Credit: Why paying with cash won’t always work
Some of us know exactly where we want to be in 5, 10, or even 15 years. Some of us, to be frank, don’t. Whether you’re a goal-oriented planner, or a laid-back, go-with-the-flow free bird, it’s good to start thinking about establishing credit. Early.
Good credit can help you get a loan for that new vehicle, home, or vacation for which you've long been waiting. But a good credit score doesn’t come overnight, and there are many easy ways that you can start small. That way, when you want to borrow a bigger loan for a car or a house, your credit score will be awesome and you will be able to borrow from your financial institution.
“Many credit unions offer small credit builder loans, often secured by shares in the member’s account,” said Maria from Maine Highlands Federal Credit Union.
What are shared secured loans?
To put it simply, it means borrowing for an amount of money that you already have in your account. Here is a scenario:
- Penny has $1,000 in her savings account.
- She has just moved into her new apartment, and needs furniture: a desk, a bed frame and a mattress.
- She has found all of these items at a cost of exactly $1,000.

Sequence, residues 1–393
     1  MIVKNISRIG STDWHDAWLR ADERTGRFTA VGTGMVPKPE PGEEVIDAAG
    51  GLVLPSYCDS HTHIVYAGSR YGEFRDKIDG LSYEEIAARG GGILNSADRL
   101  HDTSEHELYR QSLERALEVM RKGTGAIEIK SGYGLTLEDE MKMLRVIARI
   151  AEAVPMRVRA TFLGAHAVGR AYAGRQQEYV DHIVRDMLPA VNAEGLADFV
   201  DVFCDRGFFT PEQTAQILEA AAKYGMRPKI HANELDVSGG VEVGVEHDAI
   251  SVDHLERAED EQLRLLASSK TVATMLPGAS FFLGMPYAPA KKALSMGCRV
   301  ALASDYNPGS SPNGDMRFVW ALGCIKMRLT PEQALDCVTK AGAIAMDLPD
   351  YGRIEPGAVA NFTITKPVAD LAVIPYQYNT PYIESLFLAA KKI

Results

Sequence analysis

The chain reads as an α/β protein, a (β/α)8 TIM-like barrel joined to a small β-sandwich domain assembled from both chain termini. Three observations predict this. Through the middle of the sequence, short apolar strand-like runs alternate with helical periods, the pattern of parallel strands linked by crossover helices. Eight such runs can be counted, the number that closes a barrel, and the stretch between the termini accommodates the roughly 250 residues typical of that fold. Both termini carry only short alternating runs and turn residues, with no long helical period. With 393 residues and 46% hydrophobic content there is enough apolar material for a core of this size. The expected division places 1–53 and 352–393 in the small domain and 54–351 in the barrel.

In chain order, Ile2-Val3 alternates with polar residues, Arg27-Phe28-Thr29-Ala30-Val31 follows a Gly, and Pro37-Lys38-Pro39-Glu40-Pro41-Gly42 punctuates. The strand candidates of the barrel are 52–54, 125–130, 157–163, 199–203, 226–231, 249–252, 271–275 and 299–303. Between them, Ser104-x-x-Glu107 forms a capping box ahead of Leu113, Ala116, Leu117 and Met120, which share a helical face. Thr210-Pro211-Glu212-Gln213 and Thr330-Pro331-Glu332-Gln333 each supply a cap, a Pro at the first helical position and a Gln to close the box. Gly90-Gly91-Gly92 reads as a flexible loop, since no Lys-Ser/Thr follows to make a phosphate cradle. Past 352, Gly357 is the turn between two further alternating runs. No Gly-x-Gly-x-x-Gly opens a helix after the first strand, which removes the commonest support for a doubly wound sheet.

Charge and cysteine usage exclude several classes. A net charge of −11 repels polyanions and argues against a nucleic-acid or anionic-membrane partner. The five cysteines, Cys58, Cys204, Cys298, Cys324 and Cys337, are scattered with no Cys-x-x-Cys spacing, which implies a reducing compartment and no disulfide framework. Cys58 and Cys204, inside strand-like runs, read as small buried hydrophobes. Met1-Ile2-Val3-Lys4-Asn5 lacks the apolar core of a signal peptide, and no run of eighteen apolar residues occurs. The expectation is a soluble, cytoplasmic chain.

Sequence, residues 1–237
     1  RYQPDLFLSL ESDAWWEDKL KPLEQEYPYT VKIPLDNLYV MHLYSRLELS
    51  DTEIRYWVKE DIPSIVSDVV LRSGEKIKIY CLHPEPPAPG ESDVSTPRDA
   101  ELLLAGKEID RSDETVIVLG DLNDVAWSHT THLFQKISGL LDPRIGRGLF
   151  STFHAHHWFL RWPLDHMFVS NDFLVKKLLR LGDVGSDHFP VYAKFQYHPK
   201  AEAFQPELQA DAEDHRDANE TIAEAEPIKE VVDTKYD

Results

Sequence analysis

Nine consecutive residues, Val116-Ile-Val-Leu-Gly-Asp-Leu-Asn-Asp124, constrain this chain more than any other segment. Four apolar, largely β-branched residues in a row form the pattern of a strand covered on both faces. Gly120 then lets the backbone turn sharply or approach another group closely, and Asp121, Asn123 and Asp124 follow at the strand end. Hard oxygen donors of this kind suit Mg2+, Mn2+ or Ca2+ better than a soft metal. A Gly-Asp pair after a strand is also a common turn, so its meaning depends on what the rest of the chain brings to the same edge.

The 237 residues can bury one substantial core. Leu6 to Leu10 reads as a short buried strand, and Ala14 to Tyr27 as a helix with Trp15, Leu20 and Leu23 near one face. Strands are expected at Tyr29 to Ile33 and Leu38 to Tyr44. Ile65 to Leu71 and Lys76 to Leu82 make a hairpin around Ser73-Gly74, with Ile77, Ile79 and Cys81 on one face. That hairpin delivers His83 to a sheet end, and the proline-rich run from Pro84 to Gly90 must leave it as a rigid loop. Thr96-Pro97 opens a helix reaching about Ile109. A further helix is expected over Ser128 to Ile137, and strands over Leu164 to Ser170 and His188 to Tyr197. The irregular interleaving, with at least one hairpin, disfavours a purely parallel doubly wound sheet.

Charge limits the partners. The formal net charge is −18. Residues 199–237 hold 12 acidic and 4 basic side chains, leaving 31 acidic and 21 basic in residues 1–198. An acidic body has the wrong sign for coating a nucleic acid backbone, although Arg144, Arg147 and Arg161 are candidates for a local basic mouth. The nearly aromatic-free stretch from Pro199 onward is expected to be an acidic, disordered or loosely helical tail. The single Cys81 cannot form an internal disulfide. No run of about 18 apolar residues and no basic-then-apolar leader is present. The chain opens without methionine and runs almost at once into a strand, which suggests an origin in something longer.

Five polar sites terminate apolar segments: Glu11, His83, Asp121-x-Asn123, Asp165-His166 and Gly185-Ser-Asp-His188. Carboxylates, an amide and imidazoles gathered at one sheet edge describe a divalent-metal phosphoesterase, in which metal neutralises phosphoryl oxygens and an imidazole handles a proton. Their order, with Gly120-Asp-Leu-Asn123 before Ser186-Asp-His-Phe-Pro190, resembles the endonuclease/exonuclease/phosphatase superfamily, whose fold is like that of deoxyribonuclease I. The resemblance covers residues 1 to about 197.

- Penny decides to apply at her credit union for a $1,000 loan, instead of spending her savings money.
- When checking her account balances online, Penny notices that the $1,000 in her account is now marked as unavailable, although it is still there. She can’t use it for things like groceries or gas. But each month, the loan payment is made, and she regains access to her money.
- At the end of her monthly payments, Penny will have built up some credit, made regular monthly payments, still have her $1,000, and have spent much less in interest.
So why is building credit a good thing?
Purchasing a car or home are two major life purchases. Vacationing, traveling, and furnishing homes can also be big expenses. When these events happen, it’s good to be prepared. Since having $20,000 saved up for a new car isn’t always realistic, asking for a loan is probably the way to go. And with good credit history, you won't have to sweat it!